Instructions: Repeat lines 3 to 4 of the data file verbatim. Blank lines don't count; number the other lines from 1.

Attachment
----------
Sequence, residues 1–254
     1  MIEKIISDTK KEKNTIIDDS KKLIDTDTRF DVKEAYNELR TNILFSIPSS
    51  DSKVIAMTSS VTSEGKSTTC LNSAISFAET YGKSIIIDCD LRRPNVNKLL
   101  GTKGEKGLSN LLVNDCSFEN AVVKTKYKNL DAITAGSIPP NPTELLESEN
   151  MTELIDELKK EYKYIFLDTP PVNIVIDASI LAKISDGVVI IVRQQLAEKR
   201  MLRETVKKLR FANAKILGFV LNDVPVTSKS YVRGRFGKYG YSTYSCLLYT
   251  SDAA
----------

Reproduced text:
    51  DSKVIAMTSS VTSEGKSTTC LNSAISFAET YGKSIIIDCD LRRPNVNKLL
   101  GTKGEKGLSN LLVNDCSFEN AVVKTKYKNL DAITAGSIPP NPTELLESEN